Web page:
Now Booking Fall 2024 Weddings and Beyond!

The wedding rehearsal typically happens the day (or evening) before the wedding and even though we all know practice makes perfect, you are probably most excited about celebrating and spending time with family and friends at the rehearsal dinner.  Even if you are just beginning to plan for your rehearsal dinner, chances are you have given at least some thought to the guest list. Some on the list are easy (parents and immediate family as well as the bridal party), but what about plus-ones, out-of-town guests or the officiant? 

Deciding on the final guest list for this event can be tricky so that’s why we’ve put together a few helpful tips that will help you determine who you should invite to your rehearsal dinner.

who you should definitely invite to your rehearsal dinner

Who Definitely Should be Invited to your Rehearsal Dinner

The easiest way to start is by listing everyone that will be at the wedding rehearsal.  This would include your immediate families, the bridal party (should also include the parents of the flower girl and ring bearer), any ceremony readers, singers, etc. and your officiant (including his/her spouse).

It is also recommended that you give the option to each member of your wedding party the option to bring along his/her spouse as well.

If you are planning on keeping your rehearsal dinner on the small and intimate side, you can stop here with your list.  If you are open to a larger event then below are some additional people to consider.

Additional People you May want to Invite to your Rehearsal Dinner

If your venue has the space and your budget allows and you don’t mind having guests at your rehearsal dinner that you don’t know, then some additional people to consider inviting may start with plus-ones for bridal party members that are not married.  This would at least ensure that everyone at the rehearsal dinner knows at least one person and for anyone in your wedding party that travels, doesn’t exclude a plus-one that traveled along.

In addition to plus-ones for your wedding party, you may also want to open up the guest list to extended family such as grandparents, aunts, uncles and any close cousins.  Because the rehearsal dinner is smaller than the wedding and often more laid back, this is a great way for members of each family to get to know one another.

Should you Invite Out-of-Town Guests?

Out-of-town guests are where your guest list may start getting trickier.  While on the one hand, these guests have traveled to spend this special time with you making both a time and financial sacrifice, extending an invitation to them would be a nice gesture.  On the other hand, if your idea of a perfect rehearsal dinner is more low-key and intimate or your budget simply doesn’t allow it, it may not make sense or be feasible to invite everyone.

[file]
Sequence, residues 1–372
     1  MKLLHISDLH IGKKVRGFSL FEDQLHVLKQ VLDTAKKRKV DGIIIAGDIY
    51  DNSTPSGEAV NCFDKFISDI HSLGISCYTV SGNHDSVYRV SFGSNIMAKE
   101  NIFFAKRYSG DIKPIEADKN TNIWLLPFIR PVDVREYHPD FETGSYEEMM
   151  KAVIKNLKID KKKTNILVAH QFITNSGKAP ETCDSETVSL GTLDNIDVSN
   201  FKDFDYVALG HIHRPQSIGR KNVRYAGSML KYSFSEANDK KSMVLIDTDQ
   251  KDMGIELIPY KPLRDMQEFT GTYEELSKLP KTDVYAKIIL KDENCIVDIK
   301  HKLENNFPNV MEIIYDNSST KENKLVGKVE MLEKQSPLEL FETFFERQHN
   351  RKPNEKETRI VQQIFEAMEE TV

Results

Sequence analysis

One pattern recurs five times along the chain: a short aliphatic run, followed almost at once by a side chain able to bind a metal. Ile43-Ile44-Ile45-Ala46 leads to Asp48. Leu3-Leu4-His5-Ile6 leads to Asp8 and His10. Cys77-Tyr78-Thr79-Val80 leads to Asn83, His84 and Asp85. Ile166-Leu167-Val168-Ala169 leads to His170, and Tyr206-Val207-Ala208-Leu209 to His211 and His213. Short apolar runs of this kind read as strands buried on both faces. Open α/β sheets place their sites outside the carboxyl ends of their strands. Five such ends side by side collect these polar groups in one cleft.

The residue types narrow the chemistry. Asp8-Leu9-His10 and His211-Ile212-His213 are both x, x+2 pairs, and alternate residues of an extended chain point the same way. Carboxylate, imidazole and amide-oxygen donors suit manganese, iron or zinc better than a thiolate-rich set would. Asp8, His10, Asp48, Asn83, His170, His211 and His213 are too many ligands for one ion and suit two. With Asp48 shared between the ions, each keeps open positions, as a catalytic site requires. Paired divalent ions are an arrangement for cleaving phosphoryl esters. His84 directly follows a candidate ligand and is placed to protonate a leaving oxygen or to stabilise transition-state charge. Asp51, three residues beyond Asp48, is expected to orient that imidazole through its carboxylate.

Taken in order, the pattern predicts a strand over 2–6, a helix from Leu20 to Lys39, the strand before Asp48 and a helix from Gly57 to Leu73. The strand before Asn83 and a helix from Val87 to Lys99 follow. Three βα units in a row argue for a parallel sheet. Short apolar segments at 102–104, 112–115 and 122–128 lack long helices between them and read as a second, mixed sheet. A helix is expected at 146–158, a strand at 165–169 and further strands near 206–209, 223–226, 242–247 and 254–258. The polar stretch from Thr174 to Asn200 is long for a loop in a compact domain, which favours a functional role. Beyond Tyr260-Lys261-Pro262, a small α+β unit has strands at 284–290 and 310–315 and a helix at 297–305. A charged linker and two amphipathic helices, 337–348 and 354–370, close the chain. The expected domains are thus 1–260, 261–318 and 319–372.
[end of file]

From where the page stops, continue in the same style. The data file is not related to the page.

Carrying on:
Unlike your immediate family and the bridal party, you can make the final decision on this one.  There is no right or wrong. Every situation is different.

If you opt to not include out-of-town guests, you may want to consider hosting a welcome party / meet-and-greet for everyone to meet up after the rehearsal dinner.  Plan something simple like cocktails and desserts or other snacks. It’s a great way for people to gather and have a great time without costing a lot. This is also more casual so guests and come and go as they please rather than needing to come at the start and stay till the end.

Should you Invite your Officiant?

Oftentimes couples select an officiant that they have a close relationship with.  This may include the Pastor or Reverend of their family church or even a family member that is ordained.  If this is the case for your then we strongly suggest inviting them to your rehearsal dinner. Because it’s often immediately following the rehearsal it’s a customary gesture and will be appreciated even if they decide not to attend.  Like your out-of-town guests, the final decision is entirely yours.

Regardless of the kind of rehearsal dinner you are planning; a small, intimate affair for just the VIPs or a larger, more casual party for a larger gang, deciding on a rehearsal dinner guest list doesn’t have to be tricky if you follow a few simple guidelines.  Hopefully this helps you answer all your questions about who to invite to your rehearsal dinner.

If you have any other questions about your rehearsal dinner guest list or if you have questions relation to planning your rehearsal dinner in general, leave a comment below or send us an email, we’ll get you an answer as quickly as possible.  You may even inspire a future blog post.

Who to Invite to Your Rehearsal Dinner